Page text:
Vitamin D deficiency, insufficiency may increase risk of CV events
Both insufficiency and deficiency in vitamin D are linked to subclinical atherosclerosis, which potentially suggests an elevated cardiovascular (CV) risk, according to a recent study.
Researchers systematically searched PubMed, Web of Science Scopus and Embase databases for studies assessing the impact of vitamin D deficiency on common carotid artery intima-media thickness (CCA-IMT) and prevalence of carotid plaques, which are markers of subclinical atherosclerosis and predictors of CV events.
A total of 21 studies (3,777 vitamin D-deficient patients and 4,792 controls) with data on CCA-IMT and six studies (1,889 vitamin D-deficient patients and 2,883 controls) on the prevalence of carotid plaques met the inclusion criteria.
There was significantly higher CCA-IMT (mean difference [MD], 0.043 mm; 95 percent CI, 0.030 to 0.056; p<0.001) and an increased prevalence of carotid plaques (odds ratio [OR], 2.29; 1.03 to 5.11; p=0.043) with an attributable risk of 35.9 percent among patients with vitamin D deficiency compared with controls.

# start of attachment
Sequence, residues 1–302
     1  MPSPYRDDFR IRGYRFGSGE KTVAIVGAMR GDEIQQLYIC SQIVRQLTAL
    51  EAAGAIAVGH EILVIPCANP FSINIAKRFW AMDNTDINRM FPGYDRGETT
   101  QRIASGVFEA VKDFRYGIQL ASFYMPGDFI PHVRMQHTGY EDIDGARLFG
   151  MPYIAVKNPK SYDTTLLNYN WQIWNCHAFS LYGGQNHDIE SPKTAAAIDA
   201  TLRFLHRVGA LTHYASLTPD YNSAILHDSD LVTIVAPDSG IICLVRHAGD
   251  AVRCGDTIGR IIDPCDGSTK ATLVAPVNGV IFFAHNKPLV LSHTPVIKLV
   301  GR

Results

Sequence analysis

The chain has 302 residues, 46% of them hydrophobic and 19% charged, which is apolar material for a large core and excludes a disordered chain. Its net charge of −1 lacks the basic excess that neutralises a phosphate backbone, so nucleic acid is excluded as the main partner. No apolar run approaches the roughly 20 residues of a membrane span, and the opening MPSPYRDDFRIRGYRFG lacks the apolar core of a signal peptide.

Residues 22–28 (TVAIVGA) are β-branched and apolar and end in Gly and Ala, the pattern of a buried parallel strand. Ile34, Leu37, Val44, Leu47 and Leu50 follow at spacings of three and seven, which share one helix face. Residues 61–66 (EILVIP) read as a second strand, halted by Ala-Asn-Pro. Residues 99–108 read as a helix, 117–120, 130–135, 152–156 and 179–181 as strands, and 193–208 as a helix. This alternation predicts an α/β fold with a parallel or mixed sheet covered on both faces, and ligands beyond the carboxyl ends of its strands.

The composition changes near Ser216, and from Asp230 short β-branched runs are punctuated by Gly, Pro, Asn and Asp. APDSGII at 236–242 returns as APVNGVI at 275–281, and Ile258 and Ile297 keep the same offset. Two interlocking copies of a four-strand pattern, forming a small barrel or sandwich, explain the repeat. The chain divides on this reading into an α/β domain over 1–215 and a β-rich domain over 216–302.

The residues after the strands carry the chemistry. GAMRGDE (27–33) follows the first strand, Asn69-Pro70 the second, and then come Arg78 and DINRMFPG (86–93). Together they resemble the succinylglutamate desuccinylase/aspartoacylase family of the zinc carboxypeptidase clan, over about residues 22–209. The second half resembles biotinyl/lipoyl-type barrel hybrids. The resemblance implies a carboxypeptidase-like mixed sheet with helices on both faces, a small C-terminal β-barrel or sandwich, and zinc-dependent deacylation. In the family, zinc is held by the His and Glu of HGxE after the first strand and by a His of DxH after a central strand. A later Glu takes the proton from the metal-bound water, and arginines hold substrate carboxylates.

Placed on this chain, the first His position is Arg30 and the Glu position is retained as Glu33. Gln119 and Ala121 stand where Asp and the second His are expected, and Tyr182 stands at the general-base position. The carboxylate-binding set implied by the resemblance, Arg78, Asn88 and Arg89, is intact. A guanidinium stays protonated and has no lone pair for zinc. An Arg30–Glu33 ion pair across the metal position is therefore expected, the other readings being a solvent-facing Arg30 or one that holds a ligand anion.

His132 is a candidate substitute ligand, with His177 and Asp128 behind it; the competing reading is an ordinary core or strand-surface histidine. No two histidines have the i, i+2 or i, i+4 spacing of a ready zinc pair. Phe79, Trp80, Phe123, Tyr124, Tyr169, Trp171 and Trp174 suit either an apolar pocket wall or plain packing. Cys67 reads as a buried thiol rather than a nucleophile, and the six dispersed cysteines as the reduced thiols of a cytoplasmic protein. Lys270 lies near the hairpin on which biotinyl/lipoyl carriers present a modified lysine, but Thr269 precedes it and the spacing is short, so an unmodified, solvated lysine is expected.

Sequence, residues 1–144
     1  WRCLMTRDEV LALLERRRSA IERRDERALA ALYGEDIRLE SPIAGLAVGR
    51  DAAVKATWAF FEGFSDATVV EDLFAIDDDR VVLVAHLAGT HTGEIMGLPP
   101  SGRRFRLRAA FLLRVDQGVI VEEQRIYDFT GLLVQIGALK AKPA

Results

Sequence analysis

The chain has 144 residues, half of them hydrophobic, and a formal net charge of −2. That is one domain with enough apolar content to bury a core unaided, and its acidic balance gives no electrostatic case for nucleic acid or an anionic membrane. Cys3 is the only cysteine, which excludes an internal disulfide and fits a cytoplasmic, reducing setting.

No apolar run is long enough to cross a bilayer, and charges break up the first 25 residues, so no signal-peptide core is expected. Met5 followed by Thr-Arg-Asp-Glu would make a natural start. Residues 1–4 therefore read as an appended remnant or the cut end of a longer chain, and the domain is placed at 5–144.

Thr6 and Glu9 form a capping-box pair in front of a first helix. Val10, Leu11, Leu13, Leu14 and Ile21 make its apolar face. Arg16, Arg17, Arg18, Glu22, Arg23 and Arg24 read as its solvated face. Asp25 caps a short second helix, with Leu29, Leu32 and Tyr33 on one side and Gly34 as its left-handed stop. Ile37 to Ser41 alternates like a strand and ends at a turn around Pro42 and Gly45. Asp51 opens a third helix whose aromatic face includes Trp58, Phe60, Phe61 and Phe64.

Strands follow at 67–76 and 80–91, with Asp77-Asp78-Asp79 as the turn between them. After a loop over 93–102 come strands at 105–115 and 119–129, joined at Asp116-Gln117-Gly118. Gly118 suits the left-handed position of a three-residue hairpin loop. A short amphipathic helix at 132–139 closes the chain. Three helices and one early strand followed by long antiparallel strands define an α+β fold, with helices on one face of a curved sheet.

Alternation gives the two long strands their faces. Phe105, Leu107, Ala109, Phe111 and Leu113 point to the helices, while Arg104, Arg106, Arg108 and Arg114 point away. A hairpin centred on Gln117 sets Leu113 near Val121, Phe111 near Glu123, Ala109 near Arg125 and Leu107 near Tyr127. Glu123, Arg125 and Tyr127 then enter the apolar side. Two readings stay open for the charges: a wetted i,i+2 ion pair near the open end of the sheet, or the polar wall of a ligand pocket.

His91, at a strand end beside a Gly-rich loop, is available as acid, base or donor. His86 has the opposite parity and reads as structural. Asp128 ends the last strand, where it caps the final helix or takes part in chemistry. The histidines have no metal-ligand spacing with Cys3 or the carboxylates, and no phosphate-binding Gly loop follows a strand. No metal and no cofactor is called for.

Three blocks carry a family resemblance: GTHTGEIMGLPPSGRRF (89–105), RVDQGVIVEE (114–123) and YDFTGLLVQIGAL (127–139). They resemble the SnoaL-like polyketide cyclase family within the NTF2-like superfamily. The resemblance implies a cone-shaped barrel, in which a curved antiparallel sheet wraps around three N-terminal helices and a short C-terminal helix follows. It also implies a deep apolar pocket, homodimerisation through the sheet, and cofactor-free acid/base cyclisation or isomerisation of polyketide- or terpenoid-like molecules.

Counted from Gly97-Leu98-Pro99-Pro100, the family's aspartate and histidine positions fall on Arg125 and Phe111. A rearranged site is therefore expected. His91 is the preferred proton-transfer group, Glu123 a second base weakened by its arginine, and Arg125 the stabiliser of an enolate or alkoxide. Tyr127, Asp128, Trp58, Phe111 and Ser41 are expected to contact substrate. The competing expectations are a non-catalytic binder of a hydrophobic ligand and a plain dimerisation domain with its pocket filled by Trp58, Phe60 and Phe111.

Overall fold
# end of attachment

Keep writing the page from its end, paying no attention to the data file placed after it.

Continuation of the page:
When selecting for studies specifically including patients with diabetes, those with vitamin D deficiency showed higher prevalence of carotid plaques than controls (OR, 3.27; 1.62 to 6.62; p=0.001). There was a significant difference in CCA-IMT when comparing vitamin D-insufficient patients with controls (MD, 0.011; 0.010 to 0.012; p<0.001).
Results were substantially confirmed by sensitivity analyses, while regression models demonstrated that all of the other clinical and demographic covariates—with the exception of low-density lipoprotein cholesterol, high-density lipoprotein cholesterol, triglycerides and the prevalence of hypercholesterolemia—significantly impacted on the difference in CCA-IMT between vitamin D-deficient patients and controls
Patients with vitamin D deficiency have an increased CV morbidity and mortality, according to researchers.